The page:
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Aya Kusch

A History of Missteps & Bad Luck: ‘What to Do About the Solomons’ by Bethanny Ball

What to do About the SolomonsAt first glance, What to Do About the Solomons (256 pages; Grove/Atlantic) by Bethany Ball may seem like just another story about a dysfunctional family. But as you get deeper into Ball’s first novel, it becomes apparent it’s less about a dysfunctional family and more about dysfunctional individuals within a family that—despite the internal dramas inevitable in any large family—have a strangely stable and even loving relationship with one another.

Much of the novel centers on the (arguably) most loveable member of the infamous Solomon family, Yakov Solomon, the family patriarch. He is a force of nature within the kibbutz: he is a successful businessman, a husband to Vivienne, who came to the kibbutz from Algiers and was known as a great beauty during the time of their courtship, and the father of five children whose lives are fuelled by a mixture of travel and minor tragedies that make up the majority of the kibbutz gossip. Yakov is in a constant state of despair over his children, and his non-stop neurosis seems almost ridiculous until the reader realizes Yakov might be onto something.

As you are introduced to the five children and their respective children and spouses, you learn that missteps and bad luck run in the Solomon family tree. There is Marc, the L.A. businessman who gets wrongly accused of money laundering; Dror, the family gossip who goes through a series of questionable wives and girlfriends; Karen, who married the madman/artist, Guy Gever; Ziv, who lives in Singapore with another man; and Shira, a once-aspiring actress who is growing ever-disillusioned both in her personal life and in her career prospects. There is also a smattering of equally eccentric supporting characters, whose lives and issues seem to get caught orbiting around the Solomon family. People in the kibbutz and beyond seem to gravitate toward the Solomons, even as they carry the weight of scandal or failure of varying degrees. The reader, too, feels the gravitational pull of the family’s charm, even when how they handle their individual struggles becomes almost embarrassing to watch. The dramas each endures almost pokes fun at itself, but instead of making the story trite, it reassures us that in the end, everything can and will work out for the Solomons, however much we may share Yakov’s despair.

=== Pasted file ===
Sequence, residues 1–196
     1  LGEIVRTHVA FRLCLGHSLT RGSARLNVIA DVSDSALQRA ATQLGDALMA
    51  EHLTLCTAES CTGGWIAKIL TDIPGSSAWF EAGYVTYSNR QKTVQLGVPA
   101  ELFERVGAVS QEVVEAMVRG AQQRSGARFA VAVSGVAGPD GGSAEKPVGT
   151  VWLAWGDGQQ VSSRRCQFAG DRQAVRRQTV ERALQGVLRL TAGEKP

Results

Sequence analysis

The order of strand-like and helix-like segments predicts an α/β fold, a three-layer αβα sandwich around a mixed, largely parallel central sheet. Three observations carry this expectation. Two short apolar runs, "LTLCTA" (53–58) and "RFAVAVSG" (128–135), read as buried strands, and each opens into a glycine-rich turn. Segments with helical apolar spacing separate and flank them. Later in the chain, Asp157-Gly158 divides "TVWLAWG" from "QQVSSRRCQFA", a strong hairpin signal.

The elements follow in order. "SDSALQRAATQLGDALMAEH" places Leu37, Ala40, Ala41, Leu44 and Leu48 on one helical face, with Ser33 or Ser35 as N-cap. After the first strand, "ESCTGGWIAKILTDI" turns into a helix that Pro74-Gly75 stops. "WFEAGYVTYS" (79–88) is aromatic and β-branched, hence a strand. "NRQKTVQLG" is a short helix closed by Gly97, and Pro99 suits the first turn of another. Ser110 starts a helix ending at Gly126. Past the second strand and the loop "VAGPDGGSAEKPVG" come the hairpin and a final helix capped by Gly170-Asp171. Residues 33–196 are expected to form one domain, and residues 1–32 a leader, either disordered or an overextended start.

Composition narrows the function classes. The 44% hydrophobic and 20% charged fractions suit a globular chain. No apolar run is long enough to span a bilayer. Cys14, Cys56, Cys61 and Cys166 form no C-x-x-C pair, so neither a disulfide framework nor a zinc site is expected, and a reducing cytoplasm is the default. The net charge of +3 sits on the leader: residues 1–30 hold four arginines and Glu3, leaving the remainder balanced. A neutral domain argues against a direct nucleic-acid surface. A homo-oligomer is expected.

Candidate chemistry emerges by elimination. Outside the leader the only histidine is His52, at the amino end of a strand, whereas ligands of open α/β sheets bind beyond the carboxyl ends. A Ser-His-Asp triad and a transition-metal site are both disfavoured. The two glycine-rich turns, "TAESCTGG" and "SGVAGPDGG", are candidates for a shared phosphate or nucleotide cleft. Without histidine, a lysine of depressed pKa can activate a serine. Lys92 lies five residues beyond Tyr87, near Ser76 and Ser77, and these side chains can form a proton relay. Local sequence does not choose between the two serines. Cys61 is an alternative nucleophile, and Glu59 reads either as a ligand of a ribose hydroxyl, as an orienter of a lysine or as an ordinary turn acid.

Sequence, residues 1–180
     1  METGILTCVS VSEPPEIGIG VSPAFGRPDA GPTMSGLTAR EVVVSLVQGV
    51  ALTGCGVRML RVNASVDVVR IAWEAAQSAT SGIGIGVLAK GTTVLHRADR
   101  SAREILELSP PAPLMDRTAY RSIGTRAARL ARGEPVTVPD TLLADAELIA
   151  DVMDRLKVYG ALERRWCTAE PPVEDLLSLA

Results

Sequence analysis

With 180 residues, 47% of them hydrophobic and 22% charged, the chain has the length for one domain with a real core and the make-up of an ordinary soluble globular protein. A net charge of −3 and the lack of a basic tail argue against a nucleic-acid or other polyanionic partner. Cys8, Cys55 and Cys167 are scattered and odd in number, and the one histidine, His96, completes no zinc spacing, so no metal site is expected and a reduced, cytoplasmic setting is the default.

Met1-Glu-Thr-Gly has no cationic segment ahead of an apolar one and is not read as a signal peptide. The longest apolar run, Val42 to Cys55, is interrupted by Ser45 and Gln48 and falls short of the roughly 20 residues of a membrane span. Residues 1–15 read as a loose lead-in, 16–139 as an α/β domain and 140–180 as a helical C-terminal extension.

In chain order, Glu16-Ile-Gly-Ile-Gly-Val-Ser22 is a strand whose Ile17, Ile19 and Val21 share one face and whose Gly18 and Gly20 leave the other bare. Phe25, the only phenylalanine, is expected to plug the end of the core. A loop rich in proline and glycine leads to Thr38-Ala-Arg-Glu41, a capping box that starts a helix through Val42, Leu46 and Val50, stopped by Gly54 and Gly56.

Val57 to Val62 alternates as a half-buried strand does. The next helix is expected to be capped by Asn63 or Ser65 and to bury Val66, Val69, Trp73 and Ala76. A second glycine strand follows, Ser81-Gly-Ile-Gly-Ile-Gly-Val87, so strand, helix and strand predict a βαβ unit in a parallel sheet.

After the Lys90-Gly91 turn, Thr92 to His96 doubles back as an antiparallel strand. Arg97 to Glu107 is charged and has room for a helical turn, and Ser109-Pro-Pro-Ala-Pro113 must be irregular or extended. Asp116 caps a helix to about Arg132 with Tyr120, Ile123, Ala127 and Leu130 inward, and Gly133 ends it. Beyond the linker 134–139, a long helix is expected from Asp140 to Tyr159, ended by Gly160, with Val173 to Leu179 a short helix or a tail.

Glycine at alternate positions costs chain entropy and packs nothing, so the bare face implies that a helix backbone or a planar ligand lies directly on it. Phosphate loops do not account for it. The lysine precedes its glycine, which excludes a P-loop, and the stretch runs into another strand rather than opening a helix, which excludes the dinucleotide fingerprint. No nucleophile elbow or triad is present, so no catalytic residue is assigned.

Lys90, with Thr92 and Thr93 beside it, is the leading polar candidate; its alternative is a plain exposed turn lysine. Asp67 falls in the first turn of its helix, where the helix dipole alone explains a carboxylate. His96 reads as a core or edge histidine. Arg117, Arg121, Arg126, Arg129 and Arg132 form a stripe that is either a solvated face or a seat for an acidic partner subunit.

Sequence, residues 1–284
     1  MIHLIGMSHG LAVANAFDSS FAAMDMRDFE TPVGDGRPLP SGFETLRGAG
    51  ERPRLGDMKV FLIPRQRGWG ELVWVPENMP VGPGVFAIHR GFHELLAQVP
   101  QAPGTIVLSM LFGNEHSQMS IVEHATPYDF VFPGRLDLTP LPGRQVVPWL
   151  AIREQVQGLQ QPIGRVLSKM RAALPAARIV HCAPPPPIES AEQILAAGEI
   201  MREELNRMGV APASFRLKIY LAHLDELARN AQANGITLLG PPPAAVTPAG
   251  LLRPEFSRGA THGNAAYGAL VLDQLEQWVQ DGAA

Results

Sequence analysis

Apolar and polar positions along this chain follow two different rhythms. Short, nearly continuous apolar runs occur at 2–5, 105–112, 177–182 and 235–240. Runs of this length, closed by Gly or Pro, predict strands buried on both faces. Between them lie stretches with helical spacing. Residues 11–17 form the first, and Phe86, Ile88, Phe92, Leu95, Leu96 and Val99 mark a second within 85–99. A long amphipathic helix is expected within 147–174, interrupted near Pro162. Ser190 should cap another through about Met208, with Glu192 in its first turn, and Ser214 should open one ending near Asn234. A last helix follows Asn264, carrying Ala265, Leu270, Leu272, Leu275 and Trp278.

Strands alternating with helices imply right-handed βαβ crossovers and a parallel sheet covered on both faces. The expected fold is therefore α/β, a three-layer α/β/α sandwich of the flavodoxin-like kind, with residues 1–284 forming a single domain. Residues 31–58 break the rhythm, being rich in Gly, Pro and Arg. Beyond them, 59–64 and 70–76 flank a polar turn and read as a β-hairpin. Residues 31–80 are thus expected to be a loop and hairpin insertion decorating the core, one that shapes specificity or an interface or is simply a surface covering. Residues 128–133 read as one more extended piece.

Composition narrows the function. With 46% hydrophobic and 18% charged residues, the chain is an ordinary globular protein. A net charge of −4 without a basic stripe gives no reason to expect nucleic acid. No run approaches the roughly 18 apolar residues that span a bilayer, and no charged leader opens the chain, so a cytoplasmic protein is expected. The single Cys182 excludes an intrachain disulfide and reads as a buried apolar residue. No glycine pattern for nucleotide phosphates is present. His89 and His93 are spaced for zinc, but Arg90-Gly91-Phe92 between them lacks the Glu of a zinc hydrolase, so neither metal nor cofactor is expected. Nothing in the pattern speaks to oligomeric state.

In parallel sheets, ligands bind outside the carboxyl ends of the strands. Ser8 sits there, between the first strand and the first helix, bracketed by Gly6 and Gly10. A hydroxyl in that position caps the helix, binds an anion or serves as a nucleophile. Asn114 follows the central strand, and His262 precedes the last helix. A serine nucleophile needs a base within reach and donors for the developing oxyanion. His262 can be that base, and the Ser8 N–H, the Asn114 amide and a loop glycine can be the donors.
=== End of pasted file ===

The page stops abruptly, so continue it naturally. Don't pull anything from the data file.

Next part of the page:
Throughout her story, Ball subtly integrates to good effect the political conflicts informing the daily lives of the people living at the kibbutz. Many of the men in the Solomon family have served in the Israeli army, and the traumas brought on by what they experienced during war are shown in sporadic flashbacks. Also, Yakov owns a powerful construction business, one that comes with political entanglement, however indirectly.

These political and cultural tensions add complexity to the characters’ pasts and their current identities. But what makes us care about the Solomons is their affection for one another, even during the times they disagree or drift apart and despite however much they may judge each other.

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Medea as Something More Than Monster: ‘Bright Air Black’ by David Vann

Bright Air Black With all of the revenge, patricide, and doomed attempts at heroism as one might expect from Greek mythology, David Vann retells the story of Jason and the Argonauts through the eyes of Medea in his new novel, Bright Air Black (250 pages; Black Cat/Grove). Medea is most commonly known for her fierce, self-sacrificial love for Jason, which borders on madness as she is driven to betray her family and abandon her home country to help him rise to power. In this retelling, Vann introduces us to a Medea that goes beyond just her supporting function within another hero’s journey, and who has her own dreams of conquest in mind as she sets sail on the Argo.

The novel begins moments after Medea decides to leave Colchis, her home, with Jason, and steps onto the Argo, where the most of the first half of the book is set. We see her as she is feeds the dismembered corpse of the brother she slaughtered into the sea, for her father, the king of Colchis, to trail after and collect. Although this opening may seem exceptionally horrifying, the reader soon learns Medea is rarely without blood on her hands. Early in her journey, it is revealed her motives for these incredible actions have nothing to do with her love for Jason, and everything to do with a hunger for power. It is not just Jason using Medea here, but Medea using Jason so as to get closer to ruling her own kingdom one day. As she sails on the Argo, she ponders the nature of god (with philosophical questions such as “How can we know when we’re worshipping a god and when we’re worshipping the sign of god?”), how stories of heroism get shaped by biases that obscure their darker, more realistic elements (about Jason: “The stories will reveal nothing about the real man who lived”), and how no one—despite status or title—is invincible.

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